The handshake is a common worldwide greeting, but will we continue to shake hands after the quarantine ends? With most people using gloves and a mask, the germ transferring ritual of a handshake has disappeared despite the cultural significance.
“The handshake wasn’t born out of courtesy or goodwill, but fear,” said Pamela Eyring, president of the Protocol School of Washington that offers training in business etiquette and communications skills around the world.
The handshake has existed in some form for thousands of years. Some say the gesture started as a way to convey peaceful intentions. When extending an empty right hand, you showed that you were not holding a weapon and came in peace. A handshake could also be a symbol of good faith when sealing a promise.
The earliest documentation of a handshake was found on a ninth century B.C. relief with the Assyrian King Shalmaneser III shaking hands with a Babylonian ruler to seal a pact. In fourth and fifth century B.C., the gesture can be found on Greek funerary art. In ancient Rome, the handshake showed loyalty and friendship.
Historians believe that the handshake became popular in the 17th century with Quakers who viewed the gesture more equitable than the tip of a hat. Etiquette guides in the 1800s included proper instruction on how to give a perfect handshake.
“When shaking hands—or, rather, taking the hand—grasp it firmly, do not take merely the fingers. Among friends the shaking of the hand is the most genuine and cordial expression of good-will.” The Ladies’ and Gentlemen’s Etiquette, 1877.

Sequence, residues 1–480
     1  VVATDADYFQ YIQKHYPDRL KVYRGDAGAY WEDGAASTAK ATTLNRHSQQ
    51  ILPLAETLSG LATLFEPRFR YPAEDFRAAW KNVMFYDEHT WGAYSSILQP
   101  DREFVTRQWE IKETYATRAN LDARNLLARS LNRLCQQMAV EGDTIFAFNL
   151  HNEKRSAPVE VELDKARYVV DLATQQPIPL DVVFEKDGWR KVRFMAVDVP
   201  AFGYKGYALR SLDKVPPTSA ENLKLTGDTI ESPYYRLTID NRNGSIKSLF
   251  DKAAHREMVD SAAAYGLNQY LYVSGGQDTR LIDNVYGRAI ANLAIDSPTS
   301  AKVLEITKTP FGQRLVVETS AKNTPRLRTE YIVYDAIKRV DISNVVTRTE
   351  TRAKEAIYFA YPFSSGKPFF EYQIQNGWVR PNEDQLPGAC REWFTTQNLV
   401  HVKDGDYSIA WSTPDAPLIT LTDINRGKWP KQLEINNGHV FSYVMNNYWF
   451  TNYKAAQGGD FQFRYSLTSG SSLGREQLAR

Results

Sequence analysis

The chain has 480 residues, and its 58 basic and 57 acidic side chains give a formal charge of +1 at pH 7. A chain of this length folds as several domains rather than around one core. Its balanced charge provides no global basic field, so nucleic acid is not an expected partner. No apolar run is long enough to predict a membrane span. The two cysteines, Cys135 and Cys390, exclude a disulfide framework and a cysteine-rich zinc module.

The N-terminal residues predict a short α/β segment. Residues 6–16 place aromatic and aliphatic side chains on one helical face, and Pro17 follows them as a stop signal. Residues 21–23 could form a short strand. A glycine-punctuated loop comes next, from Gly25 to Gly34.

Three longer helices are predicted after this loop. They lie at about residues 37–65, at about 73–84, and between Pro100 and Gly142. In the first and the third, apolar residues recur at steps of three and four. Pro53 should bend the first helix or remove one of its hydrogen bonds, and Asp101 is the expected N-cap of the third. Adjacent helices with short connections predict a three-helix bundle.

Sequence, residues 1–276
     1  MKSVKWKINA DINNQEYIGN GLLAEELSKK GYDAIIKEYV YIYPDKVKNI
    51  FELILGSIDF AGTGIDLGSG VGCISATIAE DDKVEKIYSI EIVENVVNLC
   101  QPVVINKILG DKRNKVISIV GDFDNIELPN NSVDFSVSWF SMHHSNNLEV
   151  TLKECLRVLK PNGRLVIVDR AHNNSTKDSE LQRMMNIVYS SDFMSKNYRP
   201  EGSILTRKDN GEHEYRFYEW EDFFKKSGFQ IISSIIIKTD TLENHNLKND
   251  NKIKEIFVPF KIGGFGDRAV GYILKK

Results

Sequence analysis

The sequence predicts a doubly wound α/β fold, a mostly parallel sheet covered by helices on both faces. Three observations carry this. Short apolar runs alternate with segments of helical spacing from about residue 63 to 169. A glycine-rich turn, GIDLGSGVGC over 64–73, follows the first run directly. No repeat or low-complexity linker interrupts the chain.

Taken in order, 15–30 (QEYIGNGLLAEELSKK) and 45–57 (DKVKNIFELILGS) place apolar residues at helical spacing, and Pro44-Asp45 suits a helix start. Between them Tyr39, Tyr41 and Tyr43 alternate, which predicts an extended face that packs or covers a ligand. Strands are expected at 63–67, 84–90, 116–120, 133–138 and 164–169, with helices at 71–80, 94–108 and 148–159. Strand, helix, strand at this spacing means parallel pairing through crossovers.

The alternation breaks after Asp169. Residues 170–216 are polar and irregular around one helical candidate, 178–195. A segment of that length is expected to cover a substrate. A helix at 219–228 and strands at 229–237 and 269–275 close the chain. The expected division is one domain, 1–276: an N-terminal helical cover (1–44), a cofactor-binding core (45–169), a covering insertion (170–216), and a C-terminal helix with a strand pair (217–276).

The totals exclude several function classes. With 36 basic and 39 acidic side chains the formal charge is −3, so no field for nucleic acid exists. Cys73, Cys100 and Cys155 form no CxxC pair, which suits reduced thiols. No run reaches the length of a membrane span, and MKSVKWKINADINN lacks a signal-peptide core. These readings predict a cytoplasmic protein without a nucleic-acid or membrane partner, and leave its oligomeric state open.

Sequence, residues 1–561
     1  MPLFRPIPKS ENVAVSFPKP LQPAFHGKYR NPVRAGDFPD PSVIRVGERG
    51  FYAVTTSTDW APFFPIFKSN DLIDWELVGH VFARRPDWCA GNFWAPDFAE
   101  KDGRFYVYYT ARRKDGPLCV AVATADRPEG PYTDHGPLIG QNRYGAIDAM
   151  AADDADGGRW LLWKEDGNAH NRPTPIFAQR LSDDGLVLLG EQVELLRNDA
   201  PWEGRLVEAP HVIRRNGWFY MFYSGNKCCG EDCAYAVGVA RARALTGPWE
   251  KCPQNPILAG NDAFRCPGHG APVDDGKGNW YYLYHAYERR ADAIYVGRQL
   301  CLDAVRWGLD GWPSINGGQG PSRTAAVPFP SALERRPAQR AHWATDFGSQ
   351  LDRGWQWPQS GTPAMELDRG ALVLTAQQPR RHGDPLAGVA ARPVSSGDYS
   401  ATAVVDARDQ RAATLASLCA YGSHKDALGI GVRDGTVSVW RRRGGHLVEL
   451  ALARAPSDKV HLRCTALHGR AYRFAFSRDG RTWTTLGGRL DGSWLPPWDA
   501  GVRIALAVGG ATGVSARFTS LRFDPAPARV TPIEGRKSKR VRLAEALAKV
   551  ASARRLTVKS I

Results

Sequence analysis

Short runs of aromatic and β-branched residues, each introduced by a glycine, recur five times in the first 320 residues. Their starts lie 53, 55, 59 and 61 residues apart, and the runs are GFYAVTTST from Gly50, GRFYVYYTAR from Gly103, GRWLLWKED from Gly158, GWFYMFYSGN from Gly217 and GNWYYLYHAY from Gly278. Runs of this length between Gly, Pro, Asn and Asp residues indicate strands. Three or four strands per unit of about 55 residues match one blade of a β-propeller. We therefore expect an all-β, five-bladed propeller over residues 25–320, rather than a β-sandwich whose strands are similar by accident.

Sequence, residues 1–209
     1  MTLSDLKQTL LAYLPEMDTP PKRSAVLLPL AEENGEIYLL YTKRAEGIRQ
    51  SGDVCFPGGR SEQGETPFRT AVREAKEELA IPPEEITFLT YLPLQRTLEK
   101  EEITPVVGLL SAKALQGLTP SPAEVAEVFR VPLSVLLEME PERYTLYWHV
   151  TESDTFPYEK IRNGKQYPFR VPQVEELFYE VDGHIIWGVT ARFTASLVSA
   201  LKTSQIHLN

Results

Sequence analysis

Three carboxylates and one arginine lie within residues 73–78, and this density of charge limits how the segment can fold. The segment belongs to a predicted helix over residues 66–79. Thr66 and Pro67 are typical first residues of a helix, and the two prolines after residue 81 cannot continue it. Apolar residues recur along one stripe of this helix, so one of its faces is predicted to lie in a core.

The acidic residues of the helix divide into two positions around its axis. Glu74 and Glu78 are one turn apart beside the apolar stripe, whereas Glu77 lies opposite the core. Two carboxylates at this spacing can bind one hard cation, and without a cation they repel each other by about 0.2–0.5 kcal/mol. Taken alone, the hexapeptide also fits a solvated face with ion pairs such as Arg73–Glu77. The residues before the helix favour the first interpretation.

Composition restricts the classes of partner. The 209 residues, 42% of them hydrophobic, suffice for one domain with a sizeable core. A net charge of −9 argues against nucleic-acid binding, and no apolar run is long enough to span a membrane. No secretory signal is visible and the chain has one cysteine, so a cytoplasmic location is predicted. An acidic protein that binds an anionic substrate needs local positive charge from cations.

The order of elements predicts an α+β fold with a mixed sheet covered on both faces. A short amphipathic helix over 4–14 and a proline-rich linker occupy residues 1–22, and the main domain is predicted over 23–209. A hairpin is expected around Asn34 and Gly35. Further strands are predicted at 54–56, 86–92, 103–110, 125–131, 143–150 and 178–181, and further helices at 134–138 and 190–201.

Many predict as the virus comes under control, we will go back to our old ways of handshaking given the length of time the greeting has been around. This practice is one of the few appropriate ways of connecting in a professional setting that imparts a first impression.
However, the pandemic may be the impetus to reconsider. Dr. Anthony Fauci, the director of the National Institute of Allergy and Infectious Diseases and a member of the White House coronavirus task force, has a recommendation for Americans. “I don’t think we should ever shake hands ever again, to be honest with you. Not only would it be good to prevent coronavirus disease; it probably would decrease instances of influenza dramatically in this country.”
The trick may be to come up with some alternatives. We could adopt namaste, the Hindu greeting, which is a slight bow of the head with palms pressed together at the chest. In the Middle East, putting your hand over your heart is a common greeting. The fist, foot and elbow bumps have also been recommended.
As we wait to see if the handshake makes a healthy comeback, we should all use caution in the meantime and adopt whichever greeting we feel the safest and most comfortable as an offer of camaraderie.
Written by Cathy Heyne, GMS-T, Managing Director